Articles published in October 2013

Happy Halloween!


Happy Halloween everyone! We hope you’re not too wrapped up in the LSAT prep work to dress up and celebrate. We posted these awesome legalLSAT Halloween-themed costume ideas last year and we thought they were so great that we needed to do a repost this year–we’ve even added a few new ones. The best part is that most are very easy to create, and, well, since today is Halloween you don’t have too much time to waste!

  1. Colonial Lawyer:  Take the traditional route and pop on a black robe and white collar and wig.
  2. My Cousin Vinny: Plenty of options for this one. You could go with the all black ensemble (black pants, leather jacket, and silver belt and chain) or you could spice it up with a brown/orange suit, complete with a matching bowtie, white button-down, and heavy New York accent.
  3. A Lawsuit: Wear a suit and attach legal documents all over it (Amendments of the Constitution, the UCC, Restatement of Torts) .
  4. The Second Amendment: Wear a sleeveless shirt.
  5. The Socratic Method: Get a white sheet from the linen closet and style a Greek toga. Sling a colored sash around your shoulder with the word “method” written across it.
  6. “A Salt” with a Deadly Weapon– Dress in all white with a grey hat. Poke a few holes in the top of the hat to mimic a salt shaker. Carry around a toy gun/sword/knife or water gun of some sort. You can even get a pal to be a bloody pepper shaker.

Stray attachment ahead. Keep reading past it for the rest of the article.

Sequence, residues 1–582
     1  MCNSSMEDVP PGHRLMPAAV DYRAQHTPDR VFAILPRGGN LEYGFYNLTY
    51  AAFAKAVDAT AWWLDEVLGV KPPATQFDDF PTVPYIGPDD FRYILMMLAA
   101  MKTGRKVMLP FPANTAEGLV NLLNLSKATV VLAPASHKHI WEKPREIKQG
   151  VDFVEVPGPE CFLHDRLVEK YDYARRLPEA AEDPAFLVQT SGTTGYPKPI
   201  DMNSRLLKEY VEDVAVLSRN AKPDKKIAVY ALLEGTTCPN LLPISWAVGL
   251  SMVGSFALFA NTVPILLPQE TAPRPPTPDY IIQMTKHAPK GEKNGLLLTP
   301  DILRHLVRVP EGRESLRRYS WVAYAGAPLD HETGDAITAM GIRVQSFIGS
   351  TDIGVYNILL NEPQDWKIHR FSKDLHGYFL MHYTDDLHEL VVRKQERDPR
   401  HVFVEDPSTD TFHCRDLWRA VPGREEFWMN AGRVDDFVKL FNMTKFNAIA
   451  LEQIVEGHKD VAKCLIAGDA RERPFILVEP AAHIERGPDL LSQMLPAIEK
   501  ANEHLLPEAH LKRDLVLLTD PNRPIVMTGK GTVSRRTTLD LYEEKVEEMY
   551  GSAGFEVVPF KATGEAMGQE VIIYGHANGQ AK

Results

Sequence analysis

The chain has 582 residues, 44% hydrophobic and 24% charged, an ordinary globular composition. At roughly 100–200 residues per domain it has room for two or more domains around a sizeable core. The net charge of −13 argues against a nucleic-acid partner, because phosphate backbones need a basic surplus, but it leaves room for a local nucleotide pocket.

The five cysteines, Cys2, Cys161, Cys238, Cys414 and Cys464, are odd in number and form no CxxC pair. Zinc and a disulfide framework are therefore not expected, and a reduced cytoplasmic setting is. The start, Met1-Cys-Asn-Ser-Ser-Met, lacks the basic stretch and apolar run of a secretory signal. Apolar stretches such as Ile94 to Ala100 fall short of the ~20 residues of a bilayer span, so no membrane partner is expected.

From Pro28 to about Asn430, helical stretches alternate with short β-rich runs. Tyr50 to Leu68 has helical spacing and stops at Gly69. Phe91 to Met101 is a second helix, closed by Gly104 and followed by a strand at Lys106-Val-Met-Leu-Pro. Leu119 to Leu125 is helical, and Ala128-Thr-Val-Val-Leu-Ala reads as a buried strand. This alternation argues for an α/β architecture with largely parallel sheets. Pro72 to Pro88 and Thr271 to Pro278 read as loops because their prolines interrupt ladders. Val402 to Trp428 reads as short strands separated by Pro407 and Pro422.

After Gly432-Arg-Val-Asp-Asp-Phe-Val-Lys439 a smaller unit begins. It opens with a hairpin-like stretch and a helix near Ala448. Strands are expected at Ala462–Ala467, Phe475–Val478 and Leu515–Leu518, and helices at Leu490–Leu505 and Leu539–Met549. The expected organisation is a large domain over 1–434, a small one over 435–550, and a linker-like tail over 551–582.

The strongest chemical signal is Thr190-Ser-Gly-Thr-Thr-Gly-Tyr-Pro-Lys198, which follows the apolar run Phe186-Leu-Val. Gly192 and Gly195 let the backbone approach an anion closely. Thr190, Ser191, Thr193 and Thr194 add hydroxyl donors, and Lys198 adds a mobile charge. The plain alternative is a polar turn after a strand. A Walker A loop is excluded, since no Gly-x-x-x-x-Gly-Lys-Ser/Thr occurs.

7. Judge: A white, curly wig, pair of glasses, white turtleneck, and a black robe should do the trick. Add some pizzazz by adopting a New York accent and calling yourself Judy.
  8. Elle Woods: Bring out anything and everything pink. Pink dress, skirt, shirt, heels, and hat. If you’re not a natural blonde, grab a wig, as this is a pretty essential part of the costume. Don’t forget to pick up a Chihuahua and dress him in a matching pink outfit.
  9. The Lazy Lawyer: For those who want something more subtle or are just too lazy to put a complete costume together, throw on the shirt pictured above from
  10. Yourself: If you don’t fancy the whole costume idea, just go as the studious LSAT student that you are. Accessorize with you’re pencils, stopwatch, and Manhattan LSAT Strategy guides.

Already have your costume picked out and ready to go? We’d love to hear what you’re going as! Leave a comment below or shoot us a tweet @manhattanLSAT.

October 2013 LSAT Scores are In!